Need to Know: February 2014


Business, health management, pharmacy updates


WellPoint Inc. is selling online contact-lens site 1-800-CONTACTS, which it acquired in 2012 from Fenway Partners, to private equity firm Thomas H. Lee Partners LP to focus on building its insurance business. Financial terms of the transaction were not disclosed. Additionally, WellPoint also plans to sell, part of the contact-lens retail operation, to Luxottica Group SpA. 


Orlando Health Inc. has inked a deal with Florida Blue, Florida’s Blue Cross and Blue Shield company to form an accountable care organization designed to increase quality, enhance coordination of care between the two organizations, and decrease costs in the Orlando area. Florida Blue has approximately 4 million members and serves 15.5 million people in 16 states through its affiliated company. Orlando Health consists of approximately 500 employed physicians, both primary care and specialists, and eight hospitals, including MD Anderson Cancer Center.


The Obama administration granted Iowa much of what Republican Iowa Gov. Terry Branstad’s request to move forward with a Medicaid expansion through the use of private insurance plans, but refused to allow the state to charge premiums for those who earn less than the federal poverty level. Those above the poverty line would pay a small portion of the premium, but the administration said the state could not charge those below the poverty line, which is currently about $11,490 for an individual or $19,530 for a family of three. Charging a premium for those below the poverty line would set a bad precedent, say some consumer groups and policy experts. No other state charges those enrollees. According to CMS, about 40 states allow for limited premium payments for some residents above the poverty level.




Walmart and Sam’s Club pharmacies will be added to the preferred pharmacy network of the Aetna CVS/pharmacy Prescription Drug Plan (PDP) as of this year. The Aetna CVS/pharmacy PDP is available in 43 states and the District of Columbia. The plan's preferred pharmacy network comprises 4,200 Walmart, 580 Sam's Club and 7,500 CVS/pharmacy locations. The Aetna CVS/pharmacy Prescription Drug Plan offers a median $32 monthly plan premium, as well as low, fixed copayments for generic drugs. Plan members will pay a $2 copayment for nearly 800 preferred generic drugs in most states and a $1 copayment in all states for specialty generic drugs that are commonly used for the treatment of hypertension, high cholesterol and diabetes.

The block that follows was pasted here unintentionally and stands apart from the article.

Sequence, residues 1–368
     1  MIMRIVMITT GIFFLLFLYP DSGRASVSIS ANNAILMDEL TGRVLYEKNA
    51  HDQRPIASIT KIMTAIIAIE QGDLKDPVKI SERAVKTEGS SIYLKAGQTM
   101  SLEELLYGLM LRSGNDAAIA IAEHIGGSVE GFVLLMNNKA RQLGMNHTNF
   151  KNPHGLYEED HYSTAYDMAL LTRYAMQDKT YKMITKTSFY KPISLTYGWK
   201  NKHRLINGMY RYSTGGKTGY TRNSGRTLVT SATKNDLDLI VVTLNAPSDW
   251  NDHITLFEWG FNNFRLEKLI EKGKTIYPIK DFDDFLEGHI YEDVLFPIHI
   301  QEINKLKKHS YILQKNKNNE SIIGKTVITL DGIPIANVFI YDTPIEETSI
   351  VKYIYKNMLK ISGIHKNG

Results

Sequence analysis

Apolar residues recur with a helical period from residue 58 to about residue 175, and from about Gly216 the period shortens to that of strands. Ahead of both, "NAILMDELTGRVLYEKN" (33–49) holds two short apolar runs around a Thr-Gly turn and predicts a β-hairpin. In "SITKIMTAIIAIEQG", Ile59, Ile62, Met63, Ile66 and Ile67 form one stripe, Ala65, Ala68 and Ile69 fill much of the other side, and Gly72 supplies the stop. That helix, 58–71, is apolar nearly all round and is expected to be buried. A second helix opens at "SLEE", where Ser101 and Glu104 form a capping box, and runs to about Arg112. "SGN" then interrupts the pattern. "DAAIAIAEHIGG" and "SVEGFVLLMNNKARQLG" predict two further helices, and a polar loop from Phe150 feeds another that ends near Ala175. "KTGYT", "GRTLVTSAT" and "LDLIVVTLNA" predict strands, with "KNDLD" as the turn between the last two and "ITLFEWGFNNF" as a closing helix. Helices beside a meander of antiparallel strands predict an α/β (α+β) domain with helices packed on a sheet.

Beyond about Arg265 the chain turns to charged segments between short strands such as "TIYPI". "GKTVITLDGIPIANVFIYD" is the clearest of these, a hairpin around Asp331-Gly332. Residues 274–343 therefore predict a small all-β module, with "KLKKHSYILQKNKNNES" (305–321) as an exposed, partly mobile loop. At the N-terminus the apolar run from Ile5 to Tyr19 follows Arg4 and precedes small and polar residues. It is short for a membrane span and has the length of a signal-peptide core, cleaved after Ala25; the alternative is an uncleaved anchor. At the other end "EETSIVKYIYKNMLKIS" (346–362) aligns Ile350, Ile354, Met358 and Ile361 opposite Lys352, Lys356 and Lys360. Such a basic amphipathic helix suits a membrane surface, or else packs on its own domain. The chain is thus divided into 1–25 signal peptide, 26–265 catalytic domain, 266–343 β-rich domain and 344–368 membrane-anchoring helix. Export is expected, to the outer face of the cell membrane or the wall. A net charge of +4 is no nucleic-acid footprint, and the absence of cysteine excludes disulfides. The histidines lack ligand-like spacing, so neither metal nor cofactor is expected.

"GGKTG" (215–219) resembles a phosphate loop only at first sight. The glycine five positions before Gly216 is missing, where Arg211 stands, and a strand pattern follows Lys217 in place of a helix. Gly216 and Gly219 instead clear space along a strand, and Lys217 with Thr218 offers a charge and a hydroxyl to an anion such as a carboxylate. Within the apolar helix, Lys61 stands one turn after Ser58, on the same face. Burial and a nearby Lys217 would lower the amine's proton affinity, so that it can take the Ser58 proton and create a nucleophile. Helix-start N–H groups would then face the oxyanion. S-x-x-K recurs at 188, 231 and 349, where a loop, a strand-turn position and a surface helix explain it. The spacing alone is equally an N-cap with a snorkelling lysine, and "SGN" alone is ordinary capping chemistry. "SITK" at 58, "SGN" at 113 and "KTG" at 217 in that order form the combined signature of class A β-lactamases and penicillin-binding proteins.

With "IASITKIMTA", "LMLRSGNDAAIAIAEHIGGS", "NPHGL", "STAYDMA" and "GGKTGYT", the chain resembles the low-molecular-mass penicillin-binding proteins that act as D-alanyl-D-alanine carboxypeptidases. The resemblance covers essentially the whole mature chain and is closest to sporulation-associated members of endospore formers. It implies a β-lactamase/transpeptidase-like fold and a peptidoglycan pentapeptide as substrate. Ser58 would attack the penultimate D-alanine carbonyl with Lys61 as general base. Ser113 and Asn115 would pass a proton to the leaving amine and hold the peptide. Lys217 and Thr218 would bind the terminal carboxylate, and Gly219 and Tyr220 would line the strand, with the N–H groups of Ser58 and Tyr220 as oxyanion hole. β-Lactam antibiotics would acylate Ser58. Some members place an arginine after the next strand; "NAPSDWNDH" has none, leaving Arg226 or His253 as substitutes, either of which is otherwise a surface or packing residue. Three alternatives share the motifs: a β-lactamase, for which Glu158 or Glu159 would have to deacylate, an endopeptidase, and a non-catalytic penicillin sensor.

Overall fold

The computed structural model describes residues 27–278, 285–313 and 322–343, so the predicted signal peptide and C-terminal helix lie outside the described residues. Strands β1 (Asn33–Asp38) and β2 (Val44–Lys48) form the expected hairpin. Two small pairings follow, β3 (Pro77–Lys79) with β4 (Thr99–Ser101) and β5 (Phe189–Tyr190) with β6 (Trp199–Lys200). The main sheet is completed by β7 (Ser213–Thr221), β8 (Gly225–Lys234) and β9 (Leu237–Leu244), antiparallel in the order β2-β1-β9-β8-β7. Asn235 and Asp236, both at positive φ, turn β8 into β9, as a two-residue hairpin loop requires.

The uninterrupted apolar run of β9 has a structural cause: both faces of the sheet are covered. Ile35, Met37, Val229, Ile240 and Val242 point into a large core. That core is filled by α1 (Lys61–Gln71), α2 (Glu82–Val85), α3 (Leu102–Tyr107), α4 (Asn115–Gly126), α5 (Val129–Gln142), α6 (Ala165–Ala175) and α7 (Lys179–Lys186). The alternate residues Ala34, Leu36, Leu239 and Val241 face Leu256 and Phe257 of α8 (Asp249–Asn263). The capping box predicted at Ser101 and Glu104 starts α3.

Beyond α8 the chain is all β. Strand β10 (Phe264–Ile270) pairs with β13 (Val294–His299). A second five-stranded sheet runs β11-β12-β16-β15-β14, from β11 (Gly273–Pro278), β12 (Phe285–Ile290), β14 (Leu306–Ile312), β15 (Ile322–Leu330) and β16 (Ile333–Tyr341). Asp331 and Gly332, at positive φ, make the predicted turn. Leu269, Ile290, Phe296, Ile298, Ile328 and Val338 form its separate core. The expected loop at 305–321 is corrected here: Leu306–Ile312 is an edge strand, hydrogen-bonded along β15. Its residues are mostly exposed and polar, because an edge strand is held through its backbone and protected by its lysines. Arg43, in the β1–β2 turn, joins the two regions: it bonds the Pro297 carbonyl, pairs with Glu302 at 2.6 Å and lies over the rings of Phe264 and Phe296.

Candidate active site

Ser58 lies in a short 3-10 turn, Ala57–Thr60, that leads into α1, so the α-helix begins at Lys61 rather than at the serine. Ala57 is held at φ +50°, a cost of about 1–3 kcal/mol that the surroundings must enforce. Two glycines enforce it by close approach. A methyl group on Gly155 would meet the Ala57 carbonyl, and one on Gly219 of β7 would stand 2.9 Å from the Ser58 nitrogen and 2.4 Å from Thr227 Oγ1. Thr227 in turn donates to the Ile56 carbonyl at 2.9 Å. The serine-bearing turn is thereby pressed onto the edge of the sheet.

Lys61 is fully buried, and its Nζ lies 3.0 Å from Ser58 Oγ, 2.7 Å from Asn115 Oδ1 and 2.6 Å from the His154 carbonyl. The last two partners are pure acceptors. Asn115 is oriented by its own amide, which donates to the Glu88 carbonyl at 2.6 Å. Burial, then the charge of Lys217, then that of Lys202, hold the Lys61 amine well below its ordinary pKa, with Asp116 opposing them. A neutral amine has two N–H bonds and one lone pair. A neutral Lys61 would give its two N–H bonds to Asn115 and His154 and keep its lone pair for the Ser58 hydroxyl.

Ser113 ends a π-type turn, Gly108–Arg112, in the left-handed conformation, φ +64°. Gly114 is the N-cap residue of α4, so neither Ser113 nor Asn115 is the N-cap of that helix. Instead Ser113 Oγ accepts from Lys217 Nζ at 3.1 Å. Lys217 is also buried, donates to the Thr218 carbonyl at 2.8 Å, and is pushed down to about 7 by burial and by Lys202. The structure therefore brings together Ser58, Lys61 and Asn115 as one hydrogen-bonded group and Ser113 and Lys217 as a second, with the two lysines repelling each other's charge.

UnitedHealthcare has been recognized for its online and mobile programs and services that engage consumers in their health and make it easier for them to navigate the healthcare system, including recently earning three Best in Biz Awards. myClaims Manager earned Gold in the Consumer Service of the Year category; Health4Me received Silver in the Consumer Product of the Year category; and UHC.TV took Bronze in the Website of the Year category. The latest consumer innovation, myEasyBook, is an online healthcare shopping service that makes it easier and more affordable for consumers to make appointments with local healthcare professionals, including for same-day and next-day appointments. myEasyBook was a CES 2014 Editor’s Choice Award winner from USA Today. In addition, UnitedHealthcare’s Health4Me mobile application earned the 2013 eValue8 Innovation award for innovative programs that address critical healthcare issues. For more information about UnitedHealthcare's products and services, visit




A  Robert Wood Johnson Foundation brief summarizes the findings from major studies on public health and prevention (released between 2008 and 2013) show that strategic investments in proven, community-based
prevention programs save lives and money. According to “Return on Investment -- Saving Lives and Money,” preventing disease and injury is the most cost-effective, common-sense way to improve health; despite this fact, for every dollar spent on healthcare in the US today, only about 4 cents goes toward public health and prevention. For example, healthcare expenditures tied to smoking total $96 billion. Costs associated with conditions caused by obesity include more than $43 billion for hypertension and nearly $17 billion for diabetes. A variety of recent reports and studies show that strategic investments in proven, community-based prevention programs save lives and money.


Analysis from the Commonwealth Fund found that rising medical costs were the primary driver of recent rate increases by health insurers, accounting for three-quarters or more of the larger premium hikes requested between July 2012 and June 2013. The Affordable Care Act (ACA) requires health insurers to justify rate increases of 10% or more for nongrandfathered plans in the individual and small-group markets. Insurers attributed only a very small portion of these medical cost trends to factors related to the ACA. The ACA-related factor mentioned most often, but only in a third of the rate filings in this study, was the requirement to cover women’s preventive and contraceptive services without patient cost-sharing. But, the insurers who point to this requirement or other ACA-related costs attributed only about 1 percentage point of their rate increases to the health reform law.



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